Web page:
Method

Participants

Four studies were carried out. In the first study, 60 participants were used. In the second study, 27 individuals participated, 32 in the third, and 45 in the fourth.

Procedure and Materials

In the first study, a survey was used to determine if when one’s moral purity is threatened, he or she experiences increased mental accessibility of cleansing-related words. The participants were asked to remember an ethical or unethical action that they had done in the past coupled with describing the related emotions. Afterward, they were asked to join fragments of words to make complete words. In the second study, the participants were asked to hand-copy a story describing either an ethical or unethical act written in the first person. They were then asked to rate the desirability of different products on a scale of 1 (completely undesirable) to 7 (completely desirable). The participants in the third study were asked to repeat the recalling process of the first study after which they had to choose between a pencil and an antiseptic wipe as gifts. In the fourth study, the participants were required to recall and describe an unethical act from their past. Afterward, some cleaned their hands using an antiseptic wipe, while others did not. They were then asked to complete a survey on their current emotional state. Later, they were asked if they would volunteer in another study.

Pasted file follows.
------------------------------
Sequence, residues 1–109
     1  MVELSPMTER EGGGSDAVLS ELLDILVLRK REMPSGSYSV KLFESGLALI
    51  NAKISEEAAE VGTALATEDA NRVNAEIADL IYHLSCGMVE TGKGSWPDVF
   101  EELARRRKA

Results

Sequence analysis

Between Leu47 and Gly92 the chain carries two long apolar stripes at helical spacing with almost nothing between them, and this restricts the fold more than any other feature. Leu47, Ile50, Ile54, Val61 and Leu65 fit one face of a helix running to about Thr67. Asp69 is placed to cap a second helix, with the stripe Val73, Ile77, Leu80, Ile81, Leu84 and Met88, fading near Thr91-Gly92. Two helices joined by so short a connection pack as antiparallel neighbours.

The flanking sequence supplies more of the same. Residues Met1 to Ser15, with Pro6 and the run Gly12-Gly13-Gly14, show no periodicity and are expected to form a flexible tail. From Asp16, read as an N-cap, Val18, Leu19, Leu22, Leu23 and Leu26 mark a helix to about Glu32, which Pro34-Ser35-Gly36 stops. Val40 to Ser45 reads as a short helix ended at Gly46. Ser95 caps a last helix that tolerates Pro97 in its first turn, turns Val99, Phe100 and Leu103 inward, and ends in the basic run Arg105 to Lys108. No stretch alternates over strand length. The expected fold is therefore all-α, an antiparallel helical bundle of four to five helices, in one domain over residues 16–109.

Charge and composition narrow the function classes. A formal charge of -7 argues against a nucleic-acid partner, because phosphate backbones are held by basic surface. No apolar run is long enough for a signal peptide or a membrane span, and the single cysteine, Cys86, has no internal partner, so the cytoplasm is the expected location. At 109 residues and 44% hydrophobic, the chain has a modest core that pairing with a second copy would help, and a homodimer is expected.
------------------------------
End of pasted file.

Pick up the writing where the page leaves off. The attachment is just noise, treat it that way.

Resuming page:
Results

In the first study, it was established that the participants who remembered unethical actions from their past came up with more cleansing-related words as compared to their counterparts who recalled ethical deeds. Some of the word fragments used included W—H, SHE—R, and S—P. Individuals who recalled unethical deeds came up with words like a wash, shower, and soap. On the other hand, the participants who remembered an ethical deed wrote words like wish, shaker, and step among others. In the second study, the participants who completed an unethical story had high desirability of cleansing products like shower soaps, toothpaste, disinfectants, and detergents.

However, the participants who completed an ethical story had high desirability for other products like Snickers bars, Post-it Notes, Energizer batteries, and Sony CD cases among others. In the third study, the participants who recalled an unethical action from their past were more likely to take an antiseptic swipe at a rate of 67 percent as compared to their counterparts who remembered an unethical deed as they had a 33 percent chance of picking the same material. Finally, in the fourth study, the participants who cleaned their hands using an antiseptic wipe were less likely to volunteer as opposed to the rest of the group. 74 percent of the participants who did not clean their hands were willing to help as opposed to 41 percent of those who had physical cleansing of their hands. The results indicated that once one had recalled an unethical deed from the past, he or she was willing to help. However, after physical cleansing, the willingness to help dropped by 50 percent.